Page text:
2015. március 3., kedd

Incremental back up vhdx files of Hyper-V Virtual Machines hosted on Cluster Shared Volumes to a network share

It's 2015 so why would anyone still use Windows Server 2008 R2? Windows Server Backup in Windows Server 2012 includes great (but limited,see below) support for CSV backup. Some notes and warnings:
  •     Virtual machines hosted on CSV’s cannot be added as part of normal system backup configuration
  •     Windows Server Backup has to be configured on all nodes to ensure that backup and recovery will be available in the event of a failure on one of the nodes in the cluster.
  •     Volumes recovery not supported - can be cheated
  •     Security access control lists are not applicable on CSV file service root. Therefore, file recovery to the root of CSV volume is not supported.
Say you have two Hyper-V hosts, one SAN hosting your VMs' files via Cluster Shared Volumes for your Hyper-V Hosts and you also have four VMs on the Hosts - each has two VMs. You already set up your OS level (e.g. Windows Backup) jobs inside your Hosts OSs and VM OSs and has already been backing up your data to the SAN on dedicated backup LUNs lying on physically separeted fault tolarent arrays. Look sufficient, isn't it.
Actually, it isn't that good. What if your SAN blows up? You lost all your VMs and your VMs' backups at the same time. You also need to have a fool-proof off-site backup and it must be easily handled. Luckily, there is a simple solution without the need to include third party tools, like HVbackup. (which is, anyway, a good one)
Let's say that your first Hyper-V Host server called HOST1 and your VMs running by it are named VM1 and VM2.
So you have a file system on Host1 like this:

as C:\ClusterStorage\Volume4\VM1\ ....

To backup your first virtual guest (with its entire CSV, being on the safe side) on your external backup server share, just execute:

wbadmin start backup -include:C:\ClusterStorage\volume4\ -backuptarget:\\backupserver\vmbackup\vm1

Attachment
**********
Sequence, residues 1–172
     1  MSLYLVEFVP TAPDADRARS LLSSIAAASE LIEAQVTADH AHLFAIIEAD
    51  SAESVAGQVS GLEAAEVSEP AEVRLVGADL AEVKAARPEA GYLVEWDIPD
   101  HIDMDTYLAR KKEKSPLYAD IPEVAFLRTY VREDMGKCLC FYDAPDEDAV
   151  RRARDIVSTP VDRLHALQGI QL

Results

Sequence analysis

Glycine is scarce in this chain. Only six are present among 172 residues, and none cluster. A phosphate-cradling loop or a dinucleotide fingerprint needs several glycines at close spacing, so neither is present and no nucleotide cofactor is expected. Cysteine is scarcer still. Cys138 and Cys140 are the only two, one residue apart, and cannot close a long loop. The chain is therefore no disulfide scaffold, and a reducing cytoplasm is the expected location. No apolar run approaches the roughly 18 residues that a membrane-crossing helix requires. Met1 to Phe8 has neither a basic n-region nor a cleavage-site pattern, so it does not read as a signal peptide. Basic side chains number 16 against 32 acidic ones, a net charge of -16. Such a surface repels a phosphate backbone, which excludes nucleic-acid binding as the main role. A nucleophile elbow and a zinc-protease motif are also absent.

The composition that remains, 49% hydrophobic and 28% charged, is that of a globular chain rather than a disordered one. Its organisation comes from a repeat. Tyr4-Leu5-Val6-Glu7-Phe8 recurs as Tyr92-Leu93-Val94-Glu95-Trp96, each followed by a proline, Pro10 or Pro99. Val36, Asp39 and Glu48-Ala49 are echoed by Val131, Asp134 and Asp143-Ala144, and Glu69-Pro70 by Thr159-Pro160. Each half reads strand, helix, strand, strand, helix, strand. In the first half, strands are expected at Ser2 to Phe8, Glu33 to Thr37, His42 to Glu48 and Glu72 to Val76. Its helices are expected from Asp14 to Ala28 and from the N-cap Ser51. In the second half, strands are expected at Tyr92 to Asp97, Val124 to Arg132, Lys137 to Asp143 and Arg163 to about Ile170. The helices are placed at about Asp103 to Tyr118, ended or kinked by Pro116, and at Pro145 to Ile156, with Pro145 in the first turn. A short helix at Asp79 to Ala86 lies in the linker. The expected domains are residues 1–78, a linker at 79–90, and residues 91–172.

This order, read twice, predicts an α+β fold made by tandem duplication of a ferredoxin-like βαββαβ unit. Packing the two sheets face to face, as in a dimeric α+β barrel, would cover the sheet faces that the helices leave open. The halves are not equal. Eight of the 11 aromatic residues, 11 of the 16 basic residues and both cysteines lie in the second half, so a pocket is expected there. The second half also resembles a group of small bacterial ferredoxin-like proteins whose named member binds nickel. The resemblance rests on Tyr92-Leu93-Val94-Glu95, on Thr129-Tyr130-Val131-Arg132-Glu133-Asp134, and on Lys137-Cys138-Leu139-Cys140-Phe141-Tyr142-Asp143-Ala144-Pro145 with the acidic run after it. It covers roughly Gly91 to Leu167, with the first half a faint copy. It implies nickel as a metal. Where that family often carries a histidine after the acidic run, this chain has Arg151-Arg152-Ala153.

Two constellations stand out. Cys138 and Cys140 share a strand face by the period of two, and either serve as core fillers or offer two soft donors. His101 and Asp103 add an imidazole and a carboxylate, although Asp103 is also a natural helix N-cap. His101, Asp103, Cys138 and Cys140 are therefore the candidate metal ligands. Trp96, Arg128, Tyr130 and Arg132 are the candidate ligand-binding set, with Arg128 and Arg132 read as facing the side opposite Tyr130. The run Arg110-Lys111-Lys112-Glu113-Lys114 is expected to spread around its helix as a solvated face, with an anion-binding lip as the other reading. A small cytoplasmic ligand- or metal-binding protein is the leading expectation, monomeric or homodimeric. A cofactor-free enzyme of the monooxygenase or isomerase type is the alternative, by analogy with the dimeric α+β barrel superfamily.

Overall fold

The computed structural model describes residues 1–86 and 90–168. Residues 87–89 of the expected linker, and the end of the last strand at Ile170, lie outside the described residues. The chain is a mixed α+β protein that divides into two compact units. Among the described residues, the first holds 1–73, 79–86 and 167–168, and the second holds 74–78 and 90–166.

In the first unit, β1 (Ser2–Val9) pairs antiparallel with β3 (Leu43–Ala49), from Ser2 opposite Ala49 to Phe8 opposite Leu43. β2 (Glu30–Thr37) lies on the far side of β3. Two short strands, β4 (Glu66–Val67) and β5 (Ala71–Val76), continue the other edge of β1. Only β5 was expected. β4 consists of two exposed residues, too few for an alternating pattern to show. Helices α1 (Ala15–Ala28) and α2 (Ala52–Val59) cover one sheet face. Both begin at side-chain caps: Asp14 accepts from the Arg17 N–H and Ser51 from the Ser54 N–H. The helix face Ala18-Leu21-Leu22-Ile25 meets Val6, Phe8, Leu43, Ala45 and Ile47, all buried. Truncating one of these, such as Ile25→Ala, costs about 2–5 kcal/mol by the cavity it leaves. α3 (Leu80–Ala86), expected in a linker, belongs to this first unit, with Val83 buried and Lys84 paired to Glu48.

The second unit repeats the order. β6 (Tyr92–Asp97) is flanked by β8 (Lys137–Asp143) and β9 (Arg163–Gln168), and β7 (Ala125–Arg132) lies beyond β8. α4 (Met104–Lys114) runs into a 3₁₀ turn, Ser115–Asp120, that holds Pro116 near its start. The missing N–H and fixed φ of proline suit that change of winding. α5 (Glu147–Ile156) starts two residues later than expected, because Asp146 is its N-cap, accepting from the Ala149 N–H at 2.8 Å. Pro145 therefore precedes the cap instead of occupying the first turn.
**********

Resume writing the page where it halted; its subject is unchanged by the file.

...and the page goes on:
It takes some time:

You can easily restore files from your VM's virtual disk if you find it in the backup:
Then just mount it in your Disk Management (Attach VHD) .....
and then assign a drive letter to it, open your new disk with a file explorer and find your real VD :) inside it. You should repeat above process by attaching this real VD also with your Disk Management console.

In case you need to restore your whole VM (whole means: disaster recovery including all its Hyper-V settings)
Find your backup versions: (if you are lucky enough to have more than a single one)

wbadmin get versions -backuptarget:\\backupserver\vmbackup\vm1

Restoring: (be careful)

wbadmin start recovery -version:02/11/2015-08:25 -backuptarget:\\backupserver\vmbackup\vm1 -itemtype:file -items:C:\ClusterStorage\Volume4\  -recursive -recoverytarget:Z\recover -machine:HOST1

What did I mean when I said backup versions? Have you ever been frustrated that Windows Backup can't maintain multiple versions on a network share? So did I. I've tried to cheat WSB with using a local hardlink pointing out to the network share.
mklink /D M:\MyNetwork \\mybackupserver\vmbackup
wbadmin start backup -include:C:\ClusterStorage\volume4\ -backuptarget:\\localhost\d$\MyNetwork\vm1 -quiet
Tadaamm! So far so good.

wbadmin get versions -backupTarget:M:\MyNetwork                                               
matter-of-factly answers that it can't be fooled in such a stupid way.

wbadmin 1.0 - Backup command-line tool
(C) Copyright 2013 Microsoft Corporation. All rights reserved.
The backup cannot be completed because the backup storage destination is a shared folder mapped to a drive letter. Use the Universal Naming Convention (UNC) path (\\servername\sharename\) of the backup storage destination instead. 
In short, it sadly won't be versioning, just keeps one full version as usual. Bad luck. Folks say I should use iSCSI based network drives because thats the only way to get WSB versioning. I don't want to bother with this because I already have lots of iSCSI drives from the SAN and I would be a bit afraid of messing up these drives from different sources.

Meanwhile, here are some useful facts from Technet topics to consider about WBS: 
You can also set -vssFULL  parameter in backup jobs but there's not much use in doing so. According to the manual: "If specified, performs a full backup using the Volume Shadow Copy Service (VSS). Each file's history is updated to reflect that it was backed up. If this parameter is not used, wbadmin start backup makes a copy backup, but the history of files being backed up is not updated." In short: "vssfull is only meaningful if there is another 3rd party backup application is being simultaneously used on the same machine along with server backup application and you have application like exchange running on the machine who have vss writers. if that is not the case - it can be ignored and defaults will work fine."
And "All backups after first backup automatically takes incremental storage space on the backup location since changes are tracked using volume shadow copy on the backup location. This incremental storage space is proportional to the changes from the last backup."

1 megjegyzés:

  1. Your post has given very valuable information, keep posting the same information like this always.
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